>Going home


Morning at the Honke Bankyu.

Woke up to bright sunlight flooding the room. For a minute I thought I overslept till noon. The light looked like the morning was already well underway, but actually it was only 4am. The morning mist coated the hills around Yunishigawa onsen, lending it a rather dreamy vibe. It was lovely to sink back into the futon and drift back to sleep.

Here’s the vine bridge and the annex across the river where I had dinner the night before. Breakfast, however, was in the main building. It was a cheery affair with a generous buffet. Honestly, I had no clue as to some of what I was eating but everything tasted good! I liked the shishamo, the soft eggs and the onsen tamago. Gohan, as always, in Japan, was light and fluffy – a huge improvement over what we get in Japanese restaurants here in Singapore. Maybe its the water.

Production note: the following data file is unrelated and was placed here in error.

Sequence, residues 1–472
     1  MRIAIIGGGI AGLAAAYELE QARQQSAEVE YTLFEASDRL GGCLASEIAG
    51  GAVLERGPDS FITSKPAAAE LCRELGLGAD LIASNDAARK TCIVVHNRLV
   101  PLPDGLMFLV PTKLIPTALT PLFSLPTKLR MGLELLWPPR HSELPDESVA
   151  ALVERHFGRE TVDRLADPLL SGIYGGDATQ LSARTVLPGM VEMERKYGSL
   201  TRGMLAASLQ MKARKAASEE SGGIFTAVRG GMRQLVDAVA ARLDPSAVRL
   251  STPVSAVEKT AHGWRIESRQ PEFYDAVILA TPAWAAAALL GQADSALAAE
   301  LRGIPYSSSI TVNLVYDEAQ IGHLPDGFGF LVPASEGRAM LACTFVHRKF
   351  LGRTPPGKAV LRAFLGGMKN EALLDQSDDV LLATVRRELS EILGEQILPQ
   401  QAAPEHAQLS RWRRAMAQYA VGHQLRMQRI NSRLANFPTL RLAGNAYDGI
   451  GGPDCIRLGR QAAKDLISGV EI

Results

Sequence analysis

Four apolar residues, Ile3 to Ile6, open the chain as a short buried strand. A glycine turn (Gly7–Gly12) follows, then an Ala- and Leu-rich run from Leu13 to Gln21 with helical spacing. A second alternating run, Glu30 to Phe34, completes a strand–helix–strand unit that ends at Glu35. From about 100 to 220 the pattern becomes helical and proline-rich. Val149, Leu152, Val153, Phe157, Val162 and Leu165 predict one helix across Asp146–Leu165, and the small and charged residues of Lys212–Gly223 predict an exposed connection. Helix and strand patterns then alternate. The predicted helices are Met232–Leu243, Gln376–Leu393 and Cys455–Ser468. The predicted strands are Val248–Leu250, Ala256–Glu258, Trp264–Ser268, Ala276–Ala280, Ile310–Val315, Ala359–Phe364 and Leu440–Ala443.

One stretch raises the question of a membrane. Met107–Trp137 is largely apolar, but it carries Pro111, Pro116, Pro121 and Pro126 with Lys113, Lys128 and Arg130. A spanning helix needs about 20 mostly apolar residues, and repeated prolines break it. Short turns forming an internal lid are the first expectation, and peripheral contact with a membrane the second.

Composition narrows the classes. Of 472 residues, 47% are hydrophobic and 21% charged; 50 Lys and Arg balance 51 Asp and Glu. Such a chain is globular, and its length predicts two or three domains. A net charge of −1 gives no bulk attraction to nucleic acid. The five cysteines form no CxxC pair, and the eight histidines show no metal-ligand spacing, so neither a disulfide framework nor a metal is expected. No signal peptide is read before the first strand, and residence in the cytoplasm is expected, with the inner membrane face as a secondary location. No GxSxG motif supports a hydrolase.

After I checked out, I left my bags in the reception area of the ryokan and went for a walk around the river. I still had some time to kill before the bus arrived.

Spring had arrived and flowers were out in bloom. Dandelions, marigold… the riverbanks were a riot of colour. With the warm breeze and blue skies, the teal-green of the water, it was one of those days when you just want to take a deep breath and feel great to be alive.